- Is the host ID the public part? Is the network ID the private part for locating the computer within the local network?
The host and network portions of an ip address have nothing to do with public and private.
- If the subnet mask is a value smaller than 255 the corresponding octet in the IP address must be broken down into binary to determine which part of the number is the host ID and which portion is the network ID. Is the result binary number always split in two? ...a subnet mask of 255.255.224.0 means that the octet holding 33 be broken down as follows: 0010|0001...
Your example is wrong. Specifically, you assume that 224 has four consecutive binary bits in it when you spit the 33 octet as
0010|0001 (where | is the division between network and host)...
The octet in the subnet mask containing 224 has three consecutive binary 1s in it:
11100000. Therefore the "network portion" of the whole IP address is:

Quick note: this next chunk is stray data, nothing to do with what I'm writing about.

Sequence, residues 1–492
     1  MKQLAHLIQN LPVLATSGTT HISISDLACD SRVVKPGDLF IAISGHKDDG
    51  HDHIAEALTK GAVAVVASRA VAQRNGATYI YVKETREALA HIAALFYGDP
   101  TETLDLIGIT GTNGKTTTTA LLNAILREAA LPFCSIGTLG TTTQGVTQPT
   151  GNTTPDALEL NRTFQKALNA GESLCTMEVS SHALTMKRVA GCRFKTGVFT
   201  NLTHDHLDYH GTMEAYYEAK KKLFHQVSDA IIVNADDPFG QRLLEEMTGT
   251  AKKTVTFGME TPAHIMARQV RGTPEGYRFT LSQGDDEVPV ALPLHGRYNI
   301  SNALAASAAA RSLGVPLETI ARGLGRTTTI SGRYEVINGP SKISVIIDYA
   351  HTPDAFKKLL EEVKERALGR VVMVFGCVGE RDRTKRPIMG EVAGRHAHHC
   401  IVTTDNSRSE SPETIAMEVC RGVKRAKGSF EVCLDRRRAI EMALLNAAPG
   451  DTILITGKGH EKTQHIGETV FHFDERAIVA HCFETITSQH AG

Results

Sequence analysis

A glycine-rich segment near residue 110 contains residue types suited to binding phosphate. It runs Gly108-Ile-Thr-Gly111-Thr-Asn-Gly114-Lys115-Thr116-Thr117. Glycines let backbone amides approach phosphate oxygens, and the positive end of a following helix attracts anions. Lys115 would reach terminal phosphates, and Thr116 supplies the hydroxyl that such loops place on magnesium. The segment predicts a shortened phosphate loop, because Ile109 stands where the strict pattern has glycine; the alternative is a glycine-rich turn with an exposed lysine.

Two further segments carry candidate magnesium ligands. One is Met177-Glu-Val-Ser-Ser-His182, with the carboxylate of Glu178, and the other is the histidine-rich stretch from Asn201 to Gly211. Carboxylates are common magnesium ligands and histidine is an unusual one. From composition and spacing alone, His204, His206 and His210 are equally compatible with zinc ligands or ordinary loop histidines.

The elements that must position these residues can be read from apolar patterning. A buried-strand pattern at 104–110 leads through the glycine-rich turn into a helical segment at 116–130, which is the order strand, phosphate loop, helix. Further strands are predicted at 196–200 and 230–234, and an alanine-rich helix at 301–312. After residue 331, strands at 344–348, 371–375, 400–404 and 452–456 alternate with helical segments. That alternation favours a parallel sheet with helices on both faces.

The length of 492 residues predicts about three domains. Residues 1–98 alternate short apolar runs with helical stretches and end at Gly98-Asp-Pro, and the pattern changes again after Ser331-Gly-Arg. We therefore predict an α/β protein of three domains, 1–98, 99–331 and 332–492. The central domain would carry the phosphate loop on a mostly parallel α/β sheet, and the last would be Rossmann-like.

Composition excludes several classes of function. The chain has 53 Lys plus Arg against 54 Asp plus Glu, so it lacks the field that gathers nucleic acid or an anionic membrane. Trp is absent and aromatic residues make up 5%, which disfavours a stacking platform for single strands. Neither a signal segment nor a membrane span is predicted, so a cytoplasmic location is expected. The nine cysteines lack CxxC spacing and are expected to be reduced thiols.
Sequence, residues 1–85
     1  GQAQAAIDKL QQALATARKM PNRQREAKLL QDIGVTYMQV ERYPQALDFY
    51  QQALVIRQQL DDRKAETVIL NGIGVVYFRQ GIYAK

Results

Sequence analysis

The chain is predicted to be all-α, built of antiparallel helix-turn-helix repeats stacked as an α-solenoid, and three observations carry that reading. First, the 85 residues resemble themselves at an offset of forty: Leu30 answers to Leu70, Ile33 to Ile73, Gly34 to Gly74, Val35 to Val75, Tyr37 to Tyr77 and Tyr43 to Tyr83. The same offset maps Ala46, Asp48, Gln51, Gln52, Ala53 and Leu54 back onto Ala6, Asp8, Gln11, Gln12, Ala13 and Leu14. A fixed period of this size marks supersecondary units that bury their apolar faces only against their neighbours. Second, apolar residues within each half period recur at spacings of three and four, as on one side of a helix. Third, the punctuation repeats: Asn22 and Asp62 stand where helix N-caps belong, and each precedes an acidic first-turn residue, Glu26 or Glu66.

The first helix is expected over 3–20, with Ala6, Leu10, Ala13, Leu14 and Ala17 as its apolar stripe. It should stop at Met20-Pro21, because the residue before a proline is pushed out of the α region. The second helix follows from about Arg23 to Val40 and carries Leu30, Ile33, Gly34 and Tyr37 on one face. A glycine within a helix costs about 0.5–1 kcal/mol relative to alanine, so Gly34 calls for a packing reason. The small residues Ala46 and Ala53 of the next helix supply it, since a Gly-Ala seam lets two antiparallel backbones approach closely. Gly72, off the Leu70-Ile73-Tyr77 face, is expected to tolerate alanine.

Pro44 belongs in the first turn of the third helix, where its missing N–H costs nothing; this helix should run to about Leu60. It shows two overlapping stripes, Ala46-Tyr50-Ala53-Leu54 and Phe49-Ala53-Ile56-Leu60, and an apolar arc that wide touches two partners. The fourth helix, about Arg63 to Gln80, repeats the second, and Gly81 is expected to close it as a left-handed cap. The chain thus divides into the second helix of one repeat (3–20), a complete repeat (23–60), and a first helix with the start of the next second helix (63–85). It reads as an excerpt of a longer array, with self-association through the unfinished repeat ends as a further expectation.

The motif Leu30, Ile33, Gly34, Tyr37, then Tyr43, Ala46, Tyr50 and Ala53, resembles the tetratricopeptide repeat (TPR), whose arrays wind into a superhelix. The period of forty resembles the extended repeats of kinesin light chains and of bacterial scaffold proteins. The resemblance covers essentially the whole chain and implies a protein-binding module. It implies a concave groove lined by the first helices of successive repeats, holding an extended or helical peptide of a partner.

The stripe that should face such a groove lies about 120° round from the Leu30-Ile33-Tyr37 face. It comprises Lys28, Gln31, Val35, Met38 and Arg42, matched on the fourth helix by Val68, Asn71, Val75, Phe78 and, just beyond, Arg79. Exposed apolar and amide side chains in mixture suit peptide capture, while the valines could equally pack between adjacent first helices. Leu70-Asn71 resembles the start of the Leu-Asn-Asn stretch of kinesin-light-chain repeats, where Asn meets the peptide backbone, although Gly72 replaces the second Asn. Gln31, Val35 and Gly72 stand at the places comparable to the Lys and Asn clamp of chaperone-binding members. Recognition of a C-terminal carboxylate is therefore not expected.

192.168.32.0. The "host portion" of the ip address is
0.0.1.22. Using your notation, the third octet of ip 192.168.33.22 (mask 255.255.224.0) is:
To get the network portion of an IP address, you must perform a binary
AND of the ip address and its netmask. The host portion is a binary
AND of the inverted netmask (bits flipped between 0 and 1).
Let's make another example to address your comment:
IP Address 192.168.255.22, NetMask 255.255.224.0
The network portion of this address is 192.168.224.0 and the host portion of the address is 0.0.31.22. I intentionally chose the numbers in the example to make the math as obvious as possible. Please convert 224 and 31 to binary, it should make things clear. If not, please reference the wikipedia article on subnetting